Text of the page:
If We Want To Boost Reading Scores, We Need To Change Reading Tests

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Test scores show American students have made no progress in reading for two decades, and experts are speculating on the cause of the stagnation. Here’s one reason that few have focused on: the nature of standardized reading tests themselves.

Last week, scores from the National Assessment of Educational Progress—often referred to as the NAEP, or The Nation’s Report Card—revealed that about two-thirds of students across the country scored below the “proficient” level on reading tests administered in 2017. The even worse news is that the figure hasn’t changed since 1998.

Education policy wonks have been trying to come up with explanations. Maybe we haven’t been spending enough money on education, or perhaps we’re not holding schools and teachers sufficiently accountable for low scores. Maybe it’s deepening levels of poverty. But what if the reason for the flat scores is that by putting so much emphasis on reading tests, we’ve been undermining our own efforts?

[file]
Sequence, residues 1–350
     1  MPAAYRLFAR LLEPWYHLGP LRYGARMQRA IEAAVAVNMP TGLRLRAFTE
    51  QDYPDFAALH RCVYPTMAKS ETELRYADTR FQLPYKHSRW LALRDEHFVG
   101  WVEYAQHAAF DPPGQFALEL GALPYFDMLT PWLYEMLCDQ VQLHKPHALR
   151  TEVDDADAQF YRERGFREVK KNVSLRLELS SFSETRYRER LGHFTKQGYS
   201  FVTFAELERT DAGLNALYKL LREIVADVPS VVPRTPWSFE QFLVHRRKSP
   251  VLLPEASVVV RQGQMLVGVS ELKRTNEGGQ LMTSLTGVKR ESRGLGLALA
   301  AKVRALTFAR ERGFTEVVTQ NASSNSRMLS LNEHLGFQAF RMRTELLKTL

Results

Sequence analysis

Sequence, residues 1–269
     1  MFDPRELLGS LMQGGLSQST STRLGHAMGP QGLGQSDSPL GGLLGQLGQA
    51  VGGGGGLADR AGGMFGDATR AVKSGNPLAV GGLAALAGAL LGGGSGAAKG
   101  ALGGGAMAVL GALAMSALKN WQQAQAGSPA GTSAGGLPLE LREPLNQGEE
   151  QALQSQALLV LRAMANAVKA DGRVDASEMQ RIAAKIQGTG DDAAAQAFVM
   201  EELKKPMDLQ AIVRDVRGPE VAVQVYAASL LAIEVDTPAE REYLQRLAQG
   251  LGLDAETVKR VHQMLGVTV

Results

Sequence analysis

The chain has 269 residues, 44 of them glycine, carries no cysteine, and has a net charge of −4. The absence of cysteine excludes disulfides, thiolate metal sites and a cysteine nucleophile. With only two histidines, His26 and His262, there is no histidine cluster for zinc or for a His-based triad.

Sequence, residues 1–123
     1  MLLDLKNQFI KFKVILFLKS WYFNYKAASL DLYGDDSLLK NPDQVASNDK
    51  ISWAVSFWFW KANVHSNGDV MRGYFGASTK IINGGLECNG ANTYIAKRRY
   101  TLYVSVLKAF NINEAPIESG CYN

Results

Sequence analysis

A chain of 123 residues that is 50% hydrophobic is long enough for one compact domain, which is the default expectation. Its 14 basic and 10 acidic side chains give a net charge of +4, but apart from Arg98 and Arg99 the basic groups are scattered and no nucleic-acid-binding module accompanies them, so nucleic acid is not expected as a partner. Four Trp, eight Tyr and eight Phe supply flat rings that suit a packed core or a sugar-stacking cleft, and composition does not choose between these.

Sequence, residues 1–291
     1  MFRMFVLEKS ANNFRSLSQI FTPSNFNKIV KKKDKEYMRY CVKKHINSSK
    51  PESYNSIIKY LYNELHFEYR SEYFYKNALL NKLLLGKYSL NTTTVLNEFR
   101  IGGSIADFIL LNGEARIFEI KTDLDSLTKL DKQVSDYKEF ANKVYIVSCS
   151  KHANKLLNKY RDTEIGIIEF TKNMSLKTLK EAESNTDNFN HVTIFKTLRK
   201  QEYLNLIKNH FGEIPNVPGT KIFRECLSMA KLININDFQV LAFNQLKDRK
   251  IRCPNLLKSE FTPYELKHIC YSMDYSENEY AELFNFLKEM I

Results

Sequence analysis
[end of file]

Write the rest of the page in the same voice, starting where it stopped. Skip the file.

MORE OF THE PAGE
Parents and teachers have complained loudly for years about the way testing has come to dominate the curriculum. The NAEP itself can’t be held responsible for that, because it carries no real consequences. But the yearly state tests that have been mandated since the No Child Left Behind law went into effect in 2002 have had significant consequences—and a huge impact on instruction.

The influence of testing goes far beyond one big end-of-year test. Beginning in the earliest grades, students also take tests throughout the school year that are supposed to predict their performance on the big tests. And they spend many hours on activities designed to prepare them for tests.

READ-SHARE-DISCUSS-LEARN more here – https://www.forbes.com/sites/nataliewexler/2018/04/15/if-we-want-to-boost-reading-scores-we-need-to-change-reading-tests/#16190448495a

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